A dealer once submitted a warranty claim on a mini excavator stating that the engine started knocking, that it eventually shut down and that it would no longer start. Upon review, to diagnose the issue, we found a piece of tape on the gasket of the oil filter. The machine had been slowly leaking oil until it lost lubrication and spun a rod bearing. Incorrect installation of the filter may have been a cause of the machine failure, but the bigger issue was the lack of daily maintenance. It was clear that nobody was checking the machine daily. Daily service checks would have revealed the leaking oil and could have prevented the whole situation. Correcting small issues before they become big issues will save a lot of time, energy and money.
Mini or compact excavators are among the most versatile and useful machines to have on the jobsite. They are tough, they take a variety of attachments and their size allows them to get into tight spaces. Because of this, they are used in applications from landscaping to road building to site development. They are also used across a wide range of geographies. Regardless of where they are being used, owners and operators need to understand that they will get far more value and life out of the machine if that machine is properly maintained. There are various components of maintenance and dos and don’ts for operators to follow to ensure the full lifespan of the machine.
First and foremost, it’s important to ensure that operators are using the machine correctly, and that they understand when and how the machine should be maintained. All machines should come with operation and maintenance manuals. It is important that these be reviewed prior to machine operation as they outline control functionality, maintenance schedules and other essential information.
Regular service checks are an essential part of compact excavator maintenance. There are routine checks that need to be completed daily and at a regular service interval, which is also determined by how many hours a machine is used. Failing to check a compact excavator in a timely manner can ultimately lead to damage and shorten the lifespan of a compact excavator. Between daily service checks and regular intervals for service, such as filter or oil replacement, a compact excavator will run its best if the maintenance schedule is followed closely.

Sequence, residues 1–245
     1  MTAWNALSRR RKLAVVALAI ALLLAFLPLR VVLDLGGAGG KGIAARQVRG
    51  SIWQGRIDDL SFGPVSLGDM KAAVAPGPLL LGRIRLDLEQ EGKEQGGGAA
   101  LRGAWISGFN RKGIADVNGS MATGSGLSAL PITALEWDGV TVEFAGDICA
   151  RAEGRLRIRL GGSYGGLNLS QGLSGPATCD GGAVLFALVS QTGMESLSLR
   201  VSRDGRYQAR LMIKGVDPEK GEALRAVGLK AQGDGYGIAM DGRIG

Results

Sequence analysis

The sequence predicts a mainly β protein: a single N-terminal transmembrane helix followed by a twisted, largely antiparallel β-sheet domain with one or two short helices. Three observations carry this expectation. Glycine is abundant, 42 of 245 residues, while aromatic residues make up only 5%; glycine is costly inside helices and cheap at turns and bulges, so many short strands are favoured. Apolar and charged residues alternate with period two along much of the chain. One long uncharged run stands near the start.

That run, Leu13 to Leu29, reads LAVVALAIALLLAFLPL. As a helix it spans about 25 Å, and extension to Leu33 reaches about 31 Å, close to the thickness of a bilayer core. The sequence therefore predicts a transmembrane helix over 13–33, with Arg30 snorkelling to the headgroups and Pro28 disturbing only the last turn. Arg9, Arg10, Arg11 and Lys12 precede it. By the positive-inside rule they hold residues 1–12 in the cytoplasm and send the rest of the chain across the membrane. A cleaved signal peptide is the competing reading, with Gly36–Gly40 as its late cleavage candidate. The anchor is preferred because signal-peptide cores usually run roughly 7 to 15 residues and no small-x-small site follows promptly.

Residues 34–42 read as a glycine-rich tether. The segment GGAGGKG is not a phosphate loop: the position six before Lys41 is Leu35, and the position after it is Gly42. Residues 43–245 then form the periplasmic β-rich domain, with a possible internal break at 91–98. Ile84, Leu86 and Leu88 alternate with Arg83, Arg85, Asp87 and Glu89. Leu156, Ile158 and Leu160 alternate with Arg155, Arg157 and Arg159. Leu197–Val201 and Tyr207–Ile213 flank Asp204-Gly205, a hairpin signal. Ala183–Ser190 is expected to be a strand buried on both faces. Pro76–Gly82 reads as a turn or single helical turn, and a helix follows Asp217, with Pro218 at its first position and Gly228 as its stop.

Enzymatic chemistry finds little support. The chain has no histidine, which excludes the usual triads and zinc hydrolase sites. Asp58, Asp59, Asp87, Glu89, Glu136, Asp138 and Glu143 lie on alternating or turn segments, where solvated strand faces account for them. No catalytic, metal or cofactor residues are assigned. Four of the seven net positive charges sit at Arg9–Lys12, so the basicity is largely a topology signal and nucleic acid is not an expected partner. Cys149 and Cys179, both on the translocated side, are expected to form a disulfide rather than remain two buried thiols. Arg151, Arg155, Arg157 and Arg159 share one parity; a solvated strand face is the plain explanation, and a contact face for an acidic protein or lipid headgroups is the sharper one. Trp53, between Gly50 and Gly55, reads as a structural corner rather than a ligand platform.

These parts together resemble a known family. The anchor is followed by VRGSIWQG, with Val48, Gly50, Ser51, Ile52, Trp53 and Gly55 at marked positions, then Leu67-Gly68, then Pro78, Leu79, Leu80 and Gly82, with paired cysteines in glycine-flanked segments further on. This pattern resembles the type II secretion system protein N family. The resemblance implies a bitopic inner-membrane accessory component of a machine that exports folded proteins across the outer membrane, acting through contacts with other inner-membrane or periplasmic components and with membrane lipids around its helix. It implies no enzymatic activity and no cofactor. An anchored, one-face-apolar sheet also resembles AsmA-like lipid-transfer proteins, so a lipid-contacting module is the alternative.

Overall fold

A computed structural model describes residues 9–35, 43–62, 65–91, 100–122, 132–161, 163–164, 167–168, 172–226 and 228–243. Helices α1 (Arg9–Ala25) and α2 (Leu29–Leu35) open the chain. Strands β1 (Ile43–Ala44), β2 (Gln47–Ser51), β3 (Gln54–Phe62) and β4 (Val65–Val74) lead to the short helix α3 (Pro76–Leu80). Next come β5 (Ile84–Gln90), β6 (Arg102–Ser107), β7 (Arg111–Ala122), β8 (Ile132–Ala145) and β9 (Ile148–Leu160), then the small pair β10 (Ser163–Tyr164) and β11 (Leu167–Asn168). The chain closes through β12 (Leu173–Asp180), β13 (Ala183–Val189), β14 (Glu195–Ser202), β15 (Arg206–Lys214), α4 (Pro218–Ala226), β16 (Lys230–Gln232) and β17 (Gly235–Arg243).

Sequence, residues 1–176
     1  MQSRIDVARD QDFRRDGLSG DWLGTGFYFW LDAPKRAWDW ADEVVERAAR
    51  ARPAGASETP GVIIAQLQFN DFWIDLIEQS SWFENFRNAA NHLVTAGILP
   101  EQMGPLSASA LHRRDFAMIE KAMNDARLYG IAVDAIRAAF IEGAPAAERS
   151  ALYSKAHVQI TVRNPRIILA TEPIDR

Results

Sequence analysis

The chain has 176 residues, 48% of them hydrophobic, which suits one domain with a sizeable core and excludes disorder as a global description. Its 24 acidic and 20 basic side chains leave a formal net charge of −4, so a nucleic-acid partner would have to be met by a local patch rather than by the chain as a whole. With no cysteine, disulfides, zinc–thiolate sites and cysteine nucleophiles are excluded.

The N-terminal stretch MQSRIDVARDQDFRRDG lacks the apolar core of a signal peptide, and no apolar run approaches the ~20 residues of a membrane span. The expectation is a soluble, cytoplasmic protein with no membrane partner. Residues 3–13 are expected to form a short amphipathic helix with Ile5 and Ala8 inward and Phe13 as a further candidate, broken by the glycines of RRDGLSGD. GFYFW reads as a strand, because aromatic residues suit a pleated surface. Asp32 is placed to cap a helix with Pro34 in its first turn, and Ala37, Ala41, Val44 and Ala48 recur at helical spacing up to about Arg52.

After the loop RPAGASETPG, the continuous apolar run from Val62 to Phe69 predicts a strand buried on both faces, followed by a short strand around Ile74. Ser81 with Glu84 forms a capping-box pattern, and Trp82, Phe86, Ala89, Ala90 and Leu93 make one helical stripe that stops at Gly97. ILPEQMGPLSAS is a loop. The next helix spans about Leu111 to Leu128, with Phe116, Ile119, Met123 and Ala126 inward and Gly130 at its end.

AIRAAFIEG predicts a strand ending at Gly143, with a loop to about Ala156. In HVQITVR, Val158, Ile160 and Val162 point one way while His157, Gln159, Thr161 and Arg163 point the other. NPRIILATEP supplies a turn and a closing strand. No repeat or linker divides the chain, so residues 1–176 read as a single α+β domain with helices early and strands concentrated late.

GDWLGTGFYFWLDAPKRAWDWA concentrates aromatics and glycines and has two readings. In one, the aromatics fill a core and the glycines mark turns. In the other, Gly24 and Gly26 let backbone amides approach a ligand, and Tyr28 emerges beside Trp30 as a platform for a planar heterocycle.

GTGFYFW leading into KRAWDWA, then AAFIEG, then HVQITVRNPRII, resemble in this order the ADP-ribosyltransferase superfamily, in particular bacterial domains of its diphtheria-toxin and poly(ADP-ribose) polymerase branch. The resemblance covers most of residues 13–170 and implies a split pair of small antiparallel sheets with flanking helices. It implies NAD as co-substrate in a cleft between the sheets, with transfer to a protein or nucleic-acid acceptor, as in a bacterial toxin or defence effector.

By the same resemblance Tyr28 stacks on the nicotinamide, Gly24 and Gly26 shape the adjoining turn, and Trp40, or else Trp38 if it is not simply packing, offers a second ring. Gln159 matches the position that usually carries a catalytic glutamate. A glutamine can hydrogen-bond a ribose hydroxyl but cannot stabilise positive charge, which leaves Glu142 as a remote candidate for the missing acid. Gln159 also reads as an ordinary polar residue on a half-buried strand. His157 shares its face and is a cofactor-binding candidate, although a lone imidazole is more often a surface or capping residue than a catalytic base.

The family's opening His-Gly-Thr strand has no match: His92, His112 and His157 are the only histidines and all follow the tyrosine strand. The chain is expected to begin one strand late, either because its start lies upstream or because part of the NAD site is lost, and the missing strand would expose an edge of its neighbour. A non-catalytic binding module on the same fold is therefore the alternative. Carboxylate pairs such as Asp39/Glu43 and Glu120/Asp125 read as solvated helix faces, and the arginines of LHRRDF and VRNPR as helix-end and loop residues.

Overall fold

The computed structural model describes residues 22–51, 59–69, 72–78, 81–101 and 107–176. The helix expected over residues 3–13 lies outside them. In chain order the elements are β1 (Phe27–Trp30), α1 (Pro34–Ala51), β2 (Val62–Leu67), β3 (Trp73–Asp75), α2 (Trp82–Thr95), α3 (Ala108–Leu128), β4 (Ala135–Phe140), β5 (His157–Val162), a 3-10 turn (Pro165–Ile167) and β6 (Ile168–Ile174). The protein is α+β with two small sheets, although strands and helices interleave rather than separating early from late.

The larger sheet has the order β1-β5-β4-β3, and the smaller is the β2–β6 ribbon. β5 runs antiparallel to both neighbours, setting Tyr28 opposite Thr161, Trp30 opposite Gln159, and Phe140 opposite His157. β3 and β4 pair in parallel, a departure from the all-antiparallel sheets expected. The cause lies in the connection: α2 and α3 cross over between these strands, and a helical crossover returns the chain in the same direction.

Going beyond the machine maintenance, ensuring that your attachments are properly set up and maintained is essential. Before running attachments, make sure that they are connected to the machine correctly and respond properly to operator controls. Using an attachment that is not properly connected to the machine can result in damage to not only the attachment, but potentially others on the jobsite. When using a bucket attachment, operators should also make sure that the bucket teeth do not have any wear or damage, as this will prove inefficient over time. For attachments connected to auxiliary lines, make sure that pressures and flows are set correctly to avoid damage to the attachment or machine. Operators should understand that the use of certain attachments, such as crushers or hammers, may require more frequent filter and oil change intervals due to additional wear and contamination of the hydraulic system.
Undercarriage maintenance and track maintenance are important to the mobility and productivity of a machine. Ignoring track maintenance will ultimately slow down the operator. It’s important to maintain a properly tightened and adjusted track to ensure that the track life is not impacted or damaged during use. A track that is too tight will lead to premature wear and short track life. A track that is too loose can come off the sprocket.
Operators are frequently moving around in dirt and debris on a jobsite, so it’s also a best practice for operators to regularly clean out chunks of mud from tracks. There have been instances where mud gets clogged in a track and then freezes in cold weather — that compact excavator is out of use until the mud can thaw. If using a 35G with rubber tracks, avoid operating on sharp, rocky or uneven surfaces as these can wear or damage the tracks. If your machine will be parked for an extended number of days or weeks, store it away from direct sunlight which can lead to premature deterioration of rubber tracks.
Proper use and maintenance of hydraulic fluid, filters and fuel is critical for the life and productivity of your mini excavator. Low hydraulic oil levels, or the use of incorrect oil, can make your hydraulic functions slow or can completely reduce hydraulic power. Always use factory-recommended oil and fuels and be sure to check oil and coolant levels daily. Replace filters at the recommended intervals as restricted fuel filters or contaminated fuel will keep your engine from running at full power while also consuming excessive fuel.
When making daily service checks, keep an eye out for kinked or rubbing hoses, dented piping or loose clamps. Damaged or worn hoses and lines will negatively impact performance and can become safety risks. Operators that are proactive in their daily maintenance will help keep their machine running without sacrificing power. Replacing damaged or worn hose lines sooner will save a headache later down the road. Before starting the machine, operators should also check to make sure that any clamps are tightened to avoid a safety risk.
Following these best practices on a timely basis will increase operator productivity and machine uptime. Compact excavators offer users tons of power in a smaller machine form. Keeping these machines well maintained will ensure that you get the most out of your excavator and the most out of the task at hand.
Jonathan Spendlove is a product marketing manager of compact excavators with Hitachi and John Deere Construction and Forestry.